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Finding your way after leaving the cult of Scientology

The danger of losing yourself – an essay by Geir Isene

I consider Geir Isene to be an independent thinker who typifies the practice of looking for truth wherever it leads. He is someone who has made it to the top of the Scientology Bridge while achieving great gains in the process and who spent many years delivering the administrative technology of Scientology to businesses.

His observations on the workability of the technology and the effects of unquestioning acceptance of all that is presented  are well worth reading.

This article is reposted from his current blog, Geir Isene – Explorer of Free Will

 -David St Lawrence

 

The danger of losing yourself

Geir Isene – 24 Sep

With reference to my previous blog post [Cult Think], I have come to the conclusion that one of the most dangerous pitfalls is that of accepting data without you inspecting and verifying it for yourself.

Source: Unknown

In everyday life this poses only a small risk – like when you accept some gossip about a friend without verification. Or when you believe a sales pitch from a used cars salesman. Or when you accept a lie from your loved one. Most of the time the data presented is true, so only occasionally you are led to believe a lie. But even if it is true, you run the risk of adopting a fixed idea for yourself. Anything believed without personal inspection tend to solidify – because you yourself cannot back it up or really defend it.

Of course it is impossible to inspect or verify every bit of information that you encounter every day. So the hazards of the daily data stream is maneuvered by continuous and often unconscious risk management. Some are good at it and get a hunch when they are confronted by a lie. Others never smells the rat and accepts statements nilly-willy; The hyper-critical tend to swallow any criticism without inspection, while the gullible will swallow any nice and fluffy statement without a blink. Although the former will probably give you a more miserable life than the latter, there are better ways to deal with information.

The real danger comes when the data is big and life-sweeping – like with life principles, general information about people and society or all the way down to axioms of existence. With foundational data, the occasional hunch or gut feeling just doesn’t cut it – because that would amount to bad risk management. When putting a man on the moon, an engineers hunch that the rocket will fly simply won’t fly. For sweeping data, actual inspection and verification is essential – or you can end up not only with a life lie, but with a solid, fixed idea that you cannot back up.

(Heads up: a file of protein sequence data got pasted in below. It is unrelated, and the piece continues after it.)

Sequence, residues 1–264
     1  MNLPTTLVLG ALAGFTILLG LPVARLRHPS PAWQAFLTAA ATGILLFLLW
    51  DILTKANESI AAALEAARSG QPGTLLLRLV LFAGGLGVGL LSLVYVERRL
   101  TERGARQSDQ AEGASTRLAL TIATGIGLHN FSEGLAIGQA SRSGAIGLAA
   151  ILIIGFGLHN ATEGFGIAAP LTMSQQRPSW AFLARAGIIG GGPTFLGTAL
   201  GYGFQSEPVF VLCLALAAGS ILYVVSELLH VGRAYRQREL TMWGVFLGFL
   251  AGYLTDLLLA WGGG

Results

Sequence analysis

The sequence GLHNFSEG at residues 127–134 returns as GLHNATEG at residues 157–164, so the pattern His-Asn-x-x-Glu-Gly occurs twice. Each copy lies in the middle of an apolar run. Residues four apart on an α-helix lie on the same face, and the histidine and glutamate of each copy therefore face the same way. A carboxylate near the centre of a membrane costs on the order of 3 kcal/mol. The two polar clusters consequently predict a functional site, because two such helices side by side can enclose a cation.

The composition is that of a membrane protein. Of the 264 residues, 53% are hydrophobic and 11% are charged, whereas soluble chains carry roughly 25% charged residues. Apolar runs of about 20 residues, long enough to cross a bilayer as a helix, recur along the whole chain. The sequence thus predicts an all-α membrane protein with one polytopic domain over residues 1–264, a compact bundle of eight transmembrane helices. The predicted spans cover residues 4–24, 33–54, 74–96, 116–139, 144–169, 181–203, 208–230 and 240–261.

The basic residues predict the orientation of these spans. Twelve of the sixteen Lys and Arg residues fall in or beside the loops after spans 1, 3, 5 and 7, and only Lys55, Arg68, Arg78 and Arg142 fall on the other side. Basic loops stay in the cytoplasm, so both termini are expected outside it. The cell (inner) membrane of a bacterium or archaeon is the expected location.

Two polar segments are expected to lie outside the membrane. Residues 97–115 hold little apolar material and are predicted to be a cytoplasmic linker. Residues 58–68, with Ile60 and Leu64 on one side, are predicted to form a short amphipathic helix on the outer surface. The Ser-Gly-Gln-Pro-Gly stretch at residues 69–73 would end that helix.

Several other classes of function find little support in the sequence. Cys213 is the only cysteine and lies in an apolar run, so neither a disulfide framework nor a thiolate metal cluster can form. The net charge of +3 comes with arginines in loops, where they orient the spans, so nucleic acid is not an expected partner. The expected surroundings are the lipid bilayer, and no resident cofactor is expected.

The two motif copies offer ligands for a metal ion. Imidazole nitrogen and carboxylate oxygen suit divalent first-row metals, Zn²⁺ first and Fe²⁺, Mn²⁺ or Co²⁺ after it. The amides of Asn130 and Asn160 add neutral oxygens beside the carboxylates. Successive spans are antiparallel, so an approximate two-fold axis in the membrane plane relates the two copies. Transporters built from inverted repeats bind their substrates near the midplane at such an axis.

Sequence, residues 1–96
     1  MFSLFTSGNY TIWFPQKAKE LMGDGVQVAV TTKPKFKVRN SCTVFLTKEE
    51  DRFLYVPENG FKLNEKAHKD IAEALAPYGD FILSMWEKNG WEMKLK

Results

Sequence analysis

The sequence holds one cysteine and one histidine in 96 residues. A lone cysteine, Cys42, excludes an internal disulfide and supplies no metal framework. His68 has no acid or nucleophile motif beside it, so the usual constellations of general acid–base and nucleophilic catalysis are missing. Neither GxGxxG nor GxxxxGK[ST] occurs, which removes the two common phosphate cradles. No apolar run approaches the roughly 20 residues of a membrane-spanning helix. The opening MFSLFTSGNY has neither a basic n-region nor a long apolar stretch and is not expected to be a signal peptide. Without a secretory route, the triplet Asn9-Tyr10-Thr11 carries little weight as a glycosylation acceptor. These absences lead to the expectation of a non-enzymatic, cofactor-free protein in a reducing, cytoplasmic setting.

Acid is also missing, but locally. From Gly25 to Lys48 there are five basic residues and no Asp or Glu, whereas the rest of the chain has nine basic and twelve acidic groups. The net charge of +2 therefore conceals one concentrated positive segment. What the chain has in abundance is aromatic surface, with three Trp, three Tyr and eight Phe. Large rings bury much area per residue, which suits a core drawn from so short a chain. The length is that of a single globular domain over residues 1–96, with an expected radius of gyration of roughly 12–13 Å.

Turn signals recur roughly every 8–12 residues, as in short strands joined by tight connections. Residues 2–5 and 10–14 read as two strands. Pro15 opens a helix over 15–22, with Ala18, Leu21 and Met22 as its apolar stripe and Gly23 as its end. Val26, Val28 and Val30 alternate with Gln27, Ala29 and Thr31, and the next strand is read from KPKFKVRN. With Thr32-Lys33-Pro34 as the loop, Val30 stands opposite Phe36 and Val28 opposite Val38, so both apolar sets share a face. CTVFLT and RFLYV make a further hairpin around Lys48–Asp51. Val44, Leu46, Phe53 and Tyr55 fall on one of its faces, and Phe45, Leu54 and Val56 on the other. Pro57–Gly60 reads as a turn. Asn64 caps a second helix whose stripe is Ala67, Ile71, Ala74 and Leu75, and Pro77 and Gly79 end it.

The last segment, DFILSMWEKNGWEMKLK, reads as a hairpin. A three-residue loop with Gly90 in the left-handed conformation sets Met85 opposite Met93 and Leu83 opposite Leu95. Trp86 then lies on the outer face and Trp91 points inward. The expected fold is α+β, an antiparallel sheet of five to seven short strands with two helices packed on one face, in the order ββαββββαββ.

What happens when people accepts sweeping data without personal inspection? They accumulate fixed ideas. The data is “above their head”. The data becomes bigger than themselves. It enters the realm of belief. And such show up in debates as knuckleheadedness, broken records, illogic or plain stupidity.

A person prone to accepting big life data without personal inspection will end up with less personal integrity, more belief, less facts, a more defensive attitude and less free in his or her thinking. And this is the case even if the data happens to be true. The person will become smaller – to the point where there is no one left to inspect anything – an information robot. Nobody home.

A symptom of someone going down this road is a closed, defensive mind not open to opposing views. Or outright attack of contrary opinions.

In my own experience this covers way to many scientologists and Scientology critics. Whether they accept Scientology data or anti-Scientology data without personal inspection – it still closes the mind and makes the person smaller.

This is by no means confined to Scientology, religion or science. This is relevant in any areas of life dealing in general or sweeping data about life and livingness. Such as politics.

The higher on the Scale of Cult Think, the more a group will coerce or enforce belief and discourage or suppress personal inspection of information.

It is a paradox of betrayal that the Church of Scientology demands agreement to the principles laid out by L. Ron Hubbard. It’s even ingrained in his own writings. Even though he very correctly pointed out that you should not accept any data without you yourself being able to see it as true, in other places he enforces compliance. Like the practice of Method 4 Word Clearing where a disagreement with the materials studied is not accepted as anything less than a misunderstood by the student. Or in the policy Keeping Scientology Working #1, where no disagreement with the technology or even the slightest improvement to it is accepted. And there are many other examples. The Church of Scientology follows these policies and viewpoints to the dot, enforcing intellectual compliance, hammering out of existence any opposing views.

And this is a paradox of betrayal because the very purpose of Scientology should be to make an individual more free, more himself and better at evaluating situations, life and information. Quite the opposite is in fact happening. The evidence for this are in the thousands of debates about Scientology on the Net. It becomes stigmatized and a study in illogical debate.

Information exchange breaks down in the face of fixed ideas. It becomes an exercise in defensive tactics and strategies. Intelligence is futile.

Another evidence of what happens in Scientology when people accept data without personal inspection is a far more serious one – an elephant in the room – the absence of amazing people.

Or, taking this even further; It’s not just that Scientology seems to fail in producing amazing people. It seems to produce people with lots of issues. In my experience, I have seen more people with a wide range of issues who have been in Scientology than those who have never been in. I have plenty of non-Scientology friends that lead a really good life, some even enlightened lives, while many scientologist friends have issues with themselves, their families, their personal economic situations. Many have problems even contemplating any views opposing their own fixed ideas about life – implanted by accepting Scientology data without proper verification. It boils down to…